The timing of the jobs report survey suggests that the full impact of the coronavirus and the response to the pandemic could be far worse, as the new jobs report does not include the last two weeks in March that have seen more businesses shutter, more shutdowns, and a large number of unemployment claims.

The jobs lost are from multiple different industries, from healthcare to retail. The March report noted about two-thirds of the jobs lost, or 459,000, were in the leisure and hospitality industries.


The unemployment rate rose to 4.4% in March from February’s 3.5%.

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Andy Kiersz / Business Insider

As a result of the striking number of job losses in March, the unemployment rate climbed from February’s unemployment rate of 3.5% to 4.4% in March – a 0.9 percentage point increase. The BLS employment report noted this is the largest monthly rate change since 1975.

According to CNN, the unemployment rate is the highest since August 2017, which also had a rate of 4.4%.

The unemployment rate could also spike in the coming months from its recent historic low of 3.5%. The Federal Reserve Bank of St. Louis has forecast it could reach an astonishing 32.1% in the second quarter.

The Congressional Budget Office, a nonpartisan government agency, recently projected that the effects of the coronavirus could last well into 2021. Unemployment could be as high as 9% around then, challenging President Donald Trump’s optimistic assessment of a quick economic rebound once the pandemic subsides.


Major US airlines are being ravaged by the virus’ economic fallout, and they’re likely to receive emergency federal funding.

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Reuters

The coronavirus pandemic compelled the mass cancellation of travel plans from consumers and businesses alike, severely damaging the airline industry. Countries have also sealed off their borders to thwart the spread of the virus.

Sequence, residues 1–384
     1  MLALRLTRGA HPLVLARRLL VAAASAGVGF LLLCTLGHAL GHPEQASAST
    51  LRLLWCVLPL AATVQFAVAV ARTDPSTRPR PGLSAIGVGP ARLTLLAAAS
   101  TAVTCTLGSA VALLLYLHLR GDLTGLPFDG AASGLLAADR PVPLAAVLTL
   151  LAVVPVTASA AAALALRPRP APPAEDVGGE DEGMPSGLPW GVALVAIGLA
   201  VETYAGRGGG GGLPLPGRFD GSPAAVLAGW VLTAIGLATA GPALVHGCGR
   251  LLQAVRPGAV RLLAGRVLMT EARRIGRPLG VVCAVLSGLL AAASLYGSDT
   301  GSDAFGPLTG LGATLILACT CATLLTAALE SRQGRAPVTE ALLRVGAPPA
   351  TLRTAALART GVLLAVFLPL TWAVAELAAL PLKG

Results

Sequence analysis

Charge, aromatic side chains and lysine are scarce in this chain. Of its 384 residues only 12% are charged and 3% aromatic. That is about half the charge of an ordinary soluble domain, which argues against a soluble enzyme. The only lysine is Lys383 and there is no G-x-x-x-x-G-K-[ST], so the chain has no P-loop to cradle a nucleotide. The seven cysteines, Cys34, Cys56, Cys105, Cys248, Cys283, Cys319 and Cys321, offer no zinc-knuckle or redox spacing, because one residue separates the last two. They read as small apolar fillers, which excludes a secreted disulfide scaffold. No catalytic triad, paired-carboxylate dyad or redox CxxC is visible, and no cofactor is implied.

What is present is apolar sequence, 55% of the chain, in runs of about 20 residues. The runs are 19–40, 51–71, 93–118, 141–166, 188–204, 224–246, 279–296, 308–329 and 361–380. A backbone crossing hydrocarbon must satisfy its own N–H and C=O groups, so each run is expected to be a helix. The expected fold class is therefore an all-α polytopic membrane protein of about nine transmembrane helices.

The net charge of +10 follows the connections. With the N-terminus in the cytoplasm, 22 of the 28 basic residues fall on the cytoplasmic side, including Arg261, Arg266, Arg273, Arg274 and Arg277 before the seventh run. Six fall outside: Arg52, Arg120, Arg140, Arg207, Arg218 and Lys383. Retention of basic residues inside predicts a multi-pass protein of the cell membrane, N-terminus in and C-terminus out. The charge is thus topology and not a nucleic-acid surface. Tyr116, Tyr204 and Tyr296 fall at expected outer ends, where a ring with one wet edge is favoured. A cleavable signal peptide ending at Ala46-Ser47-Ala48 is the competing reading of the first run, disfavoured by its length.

Delta Air Lines, for example, moved to drastically cut costs by parking half its fleet and sending 10,000 employees home without paid leave. United Airlines said it could take similar steps and lay off more than half of its workers in the coming months.

The four major US airlines – American, Delta, United, and Southwest – are seeking a $50 billion bailout from the Trump administration, which supports the idea.

The proposed bailout is part of a $2 trillion stimulus bill in the Senate, the largest federal rescue package in US history. Around $8 billion of it would be directed to aid cargo carriers.

But airlines have come under fire for using their profits from hiked passenger fees and cheap fuel during the long bull market to buy back stock instead of, say, improving labor conditions or creating a financial cushion for just this kind of crisis.

Boeing is another major aerospace firm seeking help, in the form of a bailout worth billions. Trump has expressed interest in extending emergency federal aid, saying, “we have to absolutely help Boeing.”

Airlines employ around 750,000 people in the US, according to the Financial Times.


Hotels across the country are laying off workers or cutting their hours.

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Signage for the New York Marriott Marquis is seen in Manhattan, New York
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Reuters

Like the airlines, hotels have also been ravaged by massive numbers of Americans canceling their travel plans in the fallout from the coronavirus.

Through mid-March, there were more than 29,000 jobs lost in the accommodation industry, according to BLS.

Marriott International recently told workers that it was furloughing tens of thousands of them as it closes properties around the world, The Wall Street Journal reported.

The American Hotel and Lodging Association, a trade group, said that in the coming weeks nearly 4 million jobs could be wiped out, or almost half of all jobs in the hotel sector.

Travel spending in the US is forecasted to plunge 31% this year – that would be six times worse than in the aftermath of 9/11 – according to a report from the US Travel Association.

Those figures are raising alarm among hotel executives, who met with President Trump last week to request a $150 billion bailout. They said the coronavirus’ impact on their business has been bigger than “September 11th and the Great Recession of 2008 combined,” according to the head of the AHLA.

Trump’s hotels also took a financial hit, and at least 200 workers were laid off.


Many major sport and entertainment cancellations are affecting the job safety of event workers.

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MetLife Stadium in East Rutherford, New Jersey, is empty as events are cancelled or postponed.